Gennaro Garafalo can track electricity production from solar cells and consumption at home from an app on his phone.

Photo: Kristen Granbow/NRK

We try to think about it a little bit, when we shower and when we use electricity around the house.

The investment has given the couple greater control over what they spend and what they have left, they say.

If they produce more than they themselves use, they can sell. This makes them called In addition to electricity customers.

More than 10,000 customers

According to Solar Energy Cluster, a national business group for the solar industry in Norway, there are no exact numbers on how many private homes in Norway have installed solar panels.

But NVE statistics on plus customers It gives a small indication, says the Managing Director of the Solar Energy Group, Trine Koepstad-Bernzen.

It shows that there are now just over 10,000 clients in Norway, 85% of whom are households.

Berentsen believes the potential is not being used well enough.

In total, Norway has approx. 4 million buildings. This means that if we had more than 10,000 customers with solar cells, we would have used 0.25% of the building’s total inventory.

Can cover two thirds of consumption

solar block It regulates 95 percent of everyone who deals with solar energy in Norway.

According to their calculations, an ordinary solar cell system in a private house will cost between 100,000 and 200,000 NOK. It will produce 7,000 to 20,000 kWh per year for thirty years, depending to some extent on where the facility is located in the country.

Enough to cover between one-third and two-thirds of consumption in the average household.

She adds that all homes are different, and profitability is also affected by where you live.

There is most money to be made in eastern Norway and southern Norway, but there is also money being saved on solar cells in Inland Norway and southwestern Norway.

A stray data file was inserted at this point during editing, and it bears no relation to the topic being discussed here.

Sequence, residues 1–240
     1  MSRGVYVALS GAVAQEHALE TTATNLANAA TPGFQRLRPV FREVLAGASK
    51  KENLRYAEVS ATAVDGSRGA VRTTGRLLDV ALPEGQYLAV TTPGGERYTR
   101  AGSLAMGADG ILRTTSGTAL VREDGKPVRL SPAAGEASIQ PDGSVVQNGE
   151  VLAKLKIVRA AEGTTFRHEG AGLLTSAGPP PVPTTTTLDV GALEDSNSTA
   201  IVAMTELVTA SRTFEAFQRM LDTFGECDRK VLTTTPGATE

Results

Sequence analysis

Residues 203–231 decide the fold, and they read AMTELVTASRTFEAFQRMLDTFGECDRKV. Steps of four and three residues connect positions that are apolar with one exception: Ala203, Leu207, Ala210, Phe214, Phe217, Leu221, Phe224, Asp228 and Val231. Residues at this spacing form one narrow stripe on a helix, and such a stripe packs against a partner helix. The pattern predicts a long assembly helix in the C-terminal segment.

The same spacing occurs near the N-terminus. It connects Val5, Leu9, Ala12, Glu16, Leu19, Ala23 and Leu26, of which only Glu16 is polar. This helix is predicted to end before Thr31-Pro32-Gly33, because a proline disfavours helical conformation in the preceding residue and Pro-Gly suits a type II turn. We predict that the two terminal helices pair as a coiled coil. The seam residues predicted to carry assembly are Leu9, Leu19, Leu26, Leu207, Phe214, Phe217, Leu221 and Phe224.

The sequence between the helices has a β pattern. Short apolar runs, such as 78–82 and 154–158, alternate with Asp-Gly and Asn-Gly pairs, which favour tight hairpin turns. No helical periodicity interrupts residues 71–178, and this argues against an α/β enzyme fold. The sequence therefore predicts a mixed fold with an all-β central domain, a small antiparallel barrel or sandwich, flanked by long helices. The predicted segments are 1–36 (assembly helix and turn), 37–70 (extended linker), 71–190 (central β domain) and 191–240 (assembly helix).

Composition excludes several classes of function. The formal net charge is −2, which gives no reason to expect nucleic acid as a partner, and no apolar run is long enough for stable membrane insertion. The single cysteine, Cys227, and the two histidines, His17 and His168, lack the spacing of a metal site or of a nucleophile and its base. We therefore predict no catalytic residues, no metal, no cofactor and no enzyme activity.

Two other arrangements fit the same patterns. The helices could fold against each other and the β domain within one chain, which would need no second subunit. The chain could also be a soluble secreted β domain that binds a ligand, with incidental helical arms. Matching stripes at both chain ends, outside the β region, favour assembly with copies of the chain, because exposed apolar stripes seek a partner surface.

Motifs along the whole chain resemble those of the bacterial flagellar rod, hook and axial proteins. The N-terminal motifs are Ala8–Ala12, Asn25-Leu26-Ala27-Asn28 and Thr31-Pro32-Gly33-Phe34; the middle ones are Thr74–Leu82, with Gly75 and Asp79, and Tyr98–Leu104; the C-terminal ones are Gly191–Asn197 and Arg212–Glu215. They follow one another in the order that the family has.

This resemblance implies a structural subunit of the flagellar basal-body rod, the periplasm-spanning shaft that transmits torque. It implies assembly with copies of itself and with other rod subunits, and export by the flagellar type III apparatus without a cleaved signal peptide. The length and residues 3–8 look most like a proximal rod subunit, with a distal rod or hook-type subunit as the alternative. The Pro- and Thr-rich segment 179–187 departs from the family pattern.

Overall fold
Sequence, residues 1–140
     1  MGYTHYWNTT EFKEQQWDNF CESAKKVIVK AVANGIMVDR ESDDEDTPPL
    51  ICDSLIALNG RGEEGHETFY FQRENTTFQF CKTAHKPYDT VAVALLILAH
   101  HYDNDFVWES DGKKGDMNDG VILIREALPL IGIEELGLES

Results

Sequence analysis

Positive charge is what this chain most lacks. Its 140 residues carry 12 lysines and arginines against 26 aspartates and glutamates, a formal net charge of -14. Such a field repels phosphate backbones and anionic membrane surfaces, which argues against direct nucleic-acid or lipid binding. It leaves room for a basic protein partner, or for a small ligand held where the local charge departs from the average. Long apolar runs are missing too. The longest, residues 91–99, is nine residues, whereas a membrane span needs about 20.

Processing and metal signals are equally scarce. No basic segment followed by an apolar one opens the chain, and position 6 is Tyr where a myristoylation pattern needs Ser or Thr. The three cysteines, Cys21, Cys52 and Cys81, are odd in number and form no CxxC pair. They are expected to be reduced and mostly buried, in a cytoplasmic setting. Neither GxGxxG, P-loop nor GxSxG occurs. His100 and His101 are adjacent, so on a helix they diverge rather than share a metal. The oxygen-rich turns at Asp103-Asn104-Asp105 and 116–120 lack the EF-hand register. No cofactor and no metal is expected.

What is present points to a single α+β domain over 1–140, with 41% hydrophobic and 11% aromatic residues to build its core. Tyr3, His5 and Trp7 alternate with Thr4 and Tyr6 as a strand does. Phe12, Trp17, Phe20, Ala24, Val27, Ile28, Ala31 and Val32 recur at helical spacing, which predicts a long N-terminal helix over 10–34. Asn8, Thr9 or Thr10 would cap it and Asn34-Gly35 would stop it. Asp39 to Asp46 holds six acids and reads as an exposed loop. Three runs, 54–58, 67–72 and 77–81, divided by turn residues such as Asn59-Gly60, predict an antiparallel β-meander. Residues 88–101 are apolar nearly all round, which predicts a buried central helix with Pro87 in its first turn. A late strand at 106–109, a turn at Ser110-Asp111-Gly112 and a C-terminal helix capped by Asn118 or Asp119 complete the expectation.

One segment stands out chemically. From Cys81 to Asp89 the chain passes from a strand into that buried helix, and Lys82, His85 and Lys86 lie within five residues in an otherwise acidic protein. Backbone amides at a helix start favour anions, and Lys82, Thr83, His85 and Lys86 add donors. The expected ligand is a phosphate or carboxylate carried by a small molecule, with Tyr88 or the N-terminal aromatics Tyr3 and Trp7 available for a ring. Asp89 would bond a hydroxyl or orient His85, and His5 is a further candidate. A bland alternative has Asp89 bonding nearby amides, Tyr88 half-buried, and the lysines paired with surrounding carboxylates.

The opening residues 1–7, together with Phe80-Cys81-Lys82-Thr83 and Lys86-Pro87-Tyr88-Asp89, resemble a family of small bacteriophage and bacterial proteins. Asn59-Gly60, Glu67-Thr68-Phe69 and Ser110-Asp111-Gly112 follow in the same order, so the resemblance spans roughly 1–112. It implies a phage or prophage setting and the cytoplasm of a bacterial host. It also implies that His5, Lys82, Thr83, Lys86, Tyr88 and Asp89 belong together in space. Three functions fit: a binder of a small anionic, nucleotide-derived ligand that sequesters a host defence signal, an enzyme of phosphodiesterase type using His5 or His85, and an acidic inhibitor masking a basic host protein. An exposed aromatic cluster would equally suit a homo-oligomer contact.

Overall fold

If it continues, the entire roof must be filled

The one-time cost of setting up the solar panels had a huge impact on the Lier couple’s finances.

The package they went to cost NOK 100,000 and with Enova’s support of NOK 19,000, the total expenditure was NOK 79,000.

– This is a long-term investment, but we feel we have already saved on it because the current is too high.

Woman with long blond hair looking at the stove in the kitchen.

Marion Garavalo says she is considering installing more solar panels on the roof if electricity prices continue at the same level.

Photo: Kristen Granbow/NRK

From January to now, according to their own calculations, they have saved nearly 8000 NOK.

– We started with 16 panels but we regret a little bit that we didn’t fill the ceiling. If electricity prices continue like this, we should fill the entire roof, says Marion Garavalo.

Anna Barnwell of Enova says the point of the support they’re distributing is that in the long run, it will make the technology available to more people.

We support those who take the lead so that these solutions are long-term, affordable, and competitive.

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Dalila Awolowo

Dalila Awolowo